Pandemic highlights national strategic importance of airlines

Airline expects to carry between 90m and 100m passengers by end of its financial year

In financial terms, Michael O’Leary guided that a ‘likely outcome for full year 2022 is somewhere between a small loss and breakeven’. Photograph: Colin Keegan/Collins Dublin

In financial terms, Michael O’Leary guided that a ‘likely outcome for full year 2022 is somewhere between a small loss and breakeven’. Photograph: Colin Keegan/Collins Dublin

 

Ryanair’s first quarter results again made for grim reading, with the Irish carrier recording a loss of €273 million for its group operations. However, there is the promise of better times ahead following the launch recently of the EU’s digital Covid certificate for fully vaccinated people.

The airline now expects to carry between 90 million and 100 million passengers by the end of its financial year in March 2022 – up from previous guidance of close to 80 million.

In financial terms, Michael O’Leary guided that a “likely outcome for full year 2022 is somewhere between a small loss and breakeven”.

This is dependent on the continued rollout of vaccines across Europe this summer, and no adverse Covid variant developments. There could yet be turbulence on both of those fronts.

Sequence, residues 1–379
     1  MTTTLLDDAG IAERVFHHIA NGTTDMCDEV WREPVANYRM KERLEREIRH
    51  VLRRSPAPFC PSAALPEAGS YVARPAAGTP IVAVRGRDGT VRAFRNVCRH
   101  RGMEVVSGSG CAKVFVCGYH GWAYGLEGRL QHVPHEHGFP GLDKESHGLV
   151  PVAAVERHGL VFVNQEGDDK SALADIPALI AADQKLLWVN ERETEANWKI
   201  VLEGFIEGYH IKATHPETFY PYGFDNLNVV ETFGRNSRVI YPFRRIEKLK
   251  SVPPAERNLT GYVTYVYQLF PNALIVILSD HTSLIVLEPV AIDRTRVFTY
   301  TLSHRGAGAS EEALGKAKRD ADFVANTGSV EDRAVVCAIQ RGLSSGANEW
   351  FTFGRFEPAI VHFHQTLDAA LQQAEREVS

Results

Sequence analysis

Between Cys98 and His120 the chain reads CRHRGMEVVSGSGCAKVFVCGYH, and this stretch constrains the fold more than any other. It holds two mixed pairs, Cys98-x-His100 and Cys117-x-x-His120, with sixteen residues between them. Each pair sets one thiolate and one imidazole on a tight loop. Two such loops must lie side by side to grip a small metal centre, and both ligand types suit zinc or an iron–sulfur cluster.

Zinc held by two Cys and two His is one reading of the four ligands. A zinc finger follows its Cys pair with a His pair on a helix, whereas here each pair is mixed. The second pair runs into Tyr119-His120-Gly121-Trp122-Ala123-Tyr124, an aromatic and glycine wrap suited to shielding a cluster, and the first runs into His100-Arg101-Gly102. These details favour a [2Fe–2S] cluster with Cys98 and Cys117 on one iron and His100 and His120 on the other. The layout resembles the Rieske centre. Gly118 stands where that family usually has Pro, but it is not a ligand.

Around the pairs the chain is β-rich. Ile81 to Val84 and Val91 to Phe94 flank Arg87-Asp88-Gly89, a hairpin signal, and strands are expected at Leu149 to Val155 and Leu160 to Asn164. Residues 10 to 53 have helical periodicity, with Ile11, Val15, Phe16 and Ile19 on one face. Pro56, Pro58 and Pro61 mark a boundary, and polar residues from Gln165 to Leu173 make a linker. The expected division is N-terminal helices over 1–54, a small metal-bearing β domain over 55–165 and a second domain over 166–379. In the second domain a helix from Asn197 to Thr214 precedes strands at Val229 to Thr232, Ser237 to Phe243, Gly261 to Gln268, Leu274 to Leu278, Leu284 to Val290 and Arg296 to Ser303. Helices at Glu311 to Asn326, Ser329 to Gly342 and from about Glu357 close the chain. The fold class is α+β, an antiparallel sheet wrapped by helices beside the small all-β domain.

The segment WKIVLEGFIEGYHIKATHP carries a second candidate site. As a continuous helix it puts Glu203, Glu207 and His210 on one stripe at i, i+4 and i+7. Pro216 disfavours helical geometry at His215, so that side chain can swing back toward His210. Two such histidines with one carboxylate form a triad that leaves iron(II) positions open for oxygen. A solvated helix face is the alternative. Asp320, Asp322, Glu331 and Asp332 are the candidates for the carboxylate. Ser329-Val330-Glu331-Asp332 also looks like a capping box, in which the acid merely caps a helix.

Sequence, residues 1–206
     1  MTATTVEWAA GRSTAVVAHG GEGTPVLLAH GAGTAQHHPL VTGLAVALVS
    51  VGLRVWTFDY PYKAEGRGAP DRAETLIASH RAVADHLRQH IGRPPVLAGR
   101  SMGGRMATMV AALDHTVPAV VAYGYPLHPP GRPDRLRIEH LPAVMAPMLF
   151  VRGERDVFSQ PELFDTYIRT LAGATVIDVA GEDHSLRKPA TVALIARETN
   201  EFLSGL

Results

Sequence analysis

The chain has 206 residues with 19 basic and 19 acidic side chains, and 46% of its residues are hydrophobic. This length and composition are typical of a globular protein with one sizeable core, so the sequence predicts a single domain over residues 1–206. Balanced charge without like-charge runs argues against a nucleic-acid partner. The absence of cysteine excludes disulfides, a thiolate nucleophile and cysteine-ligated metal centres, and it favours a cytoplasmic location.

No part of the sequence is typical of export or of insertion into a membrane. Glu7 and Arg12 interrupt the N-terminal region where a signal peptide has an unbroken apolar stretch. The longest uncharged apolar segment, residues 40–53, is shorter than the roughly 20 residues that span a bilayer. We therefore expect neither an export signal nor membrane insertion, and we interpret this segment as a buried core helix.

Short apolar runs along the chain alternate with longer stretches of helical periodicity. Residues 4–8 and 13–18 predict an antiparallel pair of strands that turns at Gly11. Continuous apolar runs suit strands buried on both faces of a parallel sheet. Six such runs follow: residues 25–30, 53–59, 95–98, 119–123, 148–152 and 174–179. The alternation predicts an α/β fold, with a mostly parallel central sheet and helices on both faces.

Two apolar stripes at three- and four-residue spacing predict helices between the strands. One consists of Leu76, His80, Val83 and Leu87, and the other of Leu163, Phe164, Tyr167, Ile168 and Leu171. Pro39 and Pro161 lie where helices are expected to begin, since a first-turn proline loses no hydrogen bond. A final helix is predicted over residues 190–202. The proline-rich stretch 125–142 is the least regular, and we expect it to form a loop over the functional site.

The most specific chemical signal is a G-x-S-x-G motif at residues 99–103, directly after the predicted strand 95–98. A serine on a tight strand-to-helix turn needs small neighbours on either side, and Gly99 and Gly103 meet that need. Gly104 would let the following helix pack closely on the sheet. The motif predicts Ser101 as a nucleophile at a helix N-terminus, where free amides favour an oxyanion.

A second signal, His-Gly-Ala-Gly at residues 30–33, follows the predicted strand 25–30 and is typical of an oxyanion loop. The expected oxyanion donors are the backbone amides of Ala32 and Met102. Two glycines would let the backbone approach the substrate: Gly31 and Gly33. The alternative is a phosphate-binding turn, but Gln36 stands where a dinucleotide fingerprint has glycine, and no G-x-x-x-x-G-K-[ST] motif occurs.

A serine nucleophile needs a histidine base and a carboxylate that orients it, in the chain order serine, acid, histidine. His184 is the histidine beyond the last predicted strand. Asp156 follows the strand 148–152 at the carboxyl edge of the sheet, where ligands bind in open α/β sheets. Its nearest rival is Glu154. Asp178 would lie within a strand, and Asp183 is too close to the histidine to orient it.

European airlines have had a torrid time in the pandemic. EasyJet recently announced a loss of £318 million (€372 million) for the three months to the end of June. The airline said it wouldn’t be appropriate to provide financial guidance for the rest of its financial year “given the continued level of short-term uncertainty”, adding that customers are booking closer to departure and “visibility remains limited”.

On Friday, Aer France-KLM and International Airlines Group (owner of Aer Lingus) will report their first-half results. It will be a similar story for the pair. We know that Aer Lingus was losing €1 million a week prior to last week’s loosening of air travel restrictions.

In contrast, domestic air travel has taken off once again in the US and three (Delta, Southwest and American) out of the four major US carriers reported a profit in the second quarter.

Mind you, all three would have reported losses without US government aid, which has totalled $43 billion ( €36 billion) for the trio since the start of the Covid crisis. France, Germany and Italy, meanwhile, have spent €20 billion in state aid to prop up ailing national flag carriers.

Airlines are the new banks – too strategic to national economies to be allowed to fail.

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